● Oshinko pickles (140 yen)
● Reishu (cold sake) (376 yen)
Total: 984 yen

This, on the other end of the timetable, is for if you’re visiting Yoshinoya late enough in the day that you’re ready for a stiff drink. Ahiruneko tends to take every Super Budget Dining project as a challenge to put together a senbero drink-and-snack session, but this isn’t just an “any booze will do” philosophy, as Yoshinoya’s sake is genuinely underrated, he says.

Produced by brewery Hakuro Shuzo in the town of Nagaoka, Niigata Prefecture, the sake is made exclusively for Yoshinoya, and formulated specifically to pair well with the chain’s simmered beef. Ahiruneko likes to sip it bit by bit as he eats (his choice of gyudon is an extra-sauce “tsuyu-daku” gyudon), and he recommends leaving just a little bit of rice until the very end, to have as the final bite.

5. Yuichiro Wasai’s “Relish the Origins of Yoshinoya While Warming Your Body Set”

● Extra-topping gyudon (589 yen)
● Oshinko pickles and miso soup set (195 yen)
● Tonjiru substitution (132 yen)
● Nori dry seaweed (74 yen)
Total: 990 yen

Though Yoshinoya has various flavor customization options and limited-time menu items, their standard gyudon is what they’ve built their reputation on, so that’s what this set is focused on, with an atama no omori gyudon that gives you extra beef and onion with the standard amount of rice. Switching the miso soup to tonjiru and adding some strips of nori let the soup play a major role too, and with a cold snap hitting Tokyo right now, its warmth is an added bonus.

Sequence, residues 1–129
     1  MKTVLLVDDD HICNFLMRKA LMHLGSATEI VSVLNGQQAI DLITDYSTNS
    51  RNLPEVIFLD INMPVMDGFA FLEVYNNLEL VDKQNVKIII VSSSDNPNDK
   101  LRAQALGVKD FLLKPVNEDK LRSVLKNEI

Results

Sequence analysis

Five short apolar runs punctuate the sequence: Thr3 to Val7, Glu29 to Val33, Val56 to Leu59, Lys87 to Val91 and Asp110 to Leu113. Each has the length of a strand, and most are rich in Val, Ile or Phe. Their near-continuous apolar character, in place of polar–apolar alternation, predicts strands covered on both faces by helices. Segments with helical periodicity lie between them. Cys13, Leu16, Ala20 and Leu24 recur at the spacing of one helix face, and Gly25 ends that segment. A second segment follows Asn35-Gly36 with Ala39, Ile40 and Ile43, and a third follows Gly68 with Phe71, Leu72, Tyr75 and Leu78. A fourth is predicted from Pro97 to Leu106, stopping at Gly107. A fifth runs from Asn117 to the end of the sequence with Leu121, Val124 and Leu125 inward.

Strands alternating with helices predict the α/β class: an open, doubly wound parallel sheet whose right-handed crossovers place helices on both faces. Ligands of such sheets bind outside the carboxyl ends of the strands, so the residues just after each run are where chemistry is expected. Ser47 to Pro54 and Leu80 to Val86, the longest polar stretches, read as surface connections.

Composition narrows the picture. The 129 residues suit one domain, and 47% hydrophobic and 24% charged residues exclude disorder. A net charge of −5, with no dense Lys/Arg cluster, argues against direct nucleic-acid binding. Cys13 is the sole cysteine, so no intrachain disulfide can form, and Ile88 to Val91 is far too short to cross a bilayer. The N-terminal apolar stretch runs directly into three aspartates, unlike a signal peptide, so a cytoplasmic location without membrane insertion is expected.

6. P.K. Sanjun’s “Yoshinoya Triple Crown Set”

● Extra-meat Black Curry (699 yen)
● 2 pieces of karaage (140 yen each)
Total: 979 yen

We’ve already touched on the high quality of Yoshinoya’s fried chicken, but P.K. thinks there’s another must-eat non-gyudon item on their menu: the curry. Luckily, there’s a niku-daku/extra-meat curry, and the way it’s served means that some of the rice has no roux on it until you mix it in. In other words, P.K.’s plan gives him the sensation of eating gyudon, curry rice, and karaage all in one sitting, truly a meal fit for a 1,000-yen king.

7. Seiji Nakazawa’s “Manly Beefy Beef Sukiyaki Hot Pot Set”

● Beef sukiyaki hot pot (787 yen)
● Gyukobachi beef side order (195 yen)
Total: 982 yen

Sake? Salmon? Fried chicken? Sorry, Seiji’s got no time for any of you, and it’s because of Yoshinoya’s limited-time sukiyaki hot pot. It’s only served in late fall and winter, and it’s so delicious that every time it’s on sale if Seiji orders anything else it feels like a wasted opportunity. It’s fantastic all on its own, but since he’s got 1,000 yen to work with, Seiji added a gyukobachi order to make his hot pot just a littler beefier.

Hopefully this gives you some food for thought and food for your stomach, and if you’re having trouble picking just one of our panel’s suggestions, don’t forget that right now Yoshinoya will give you a discount if you eat there twice in the same day.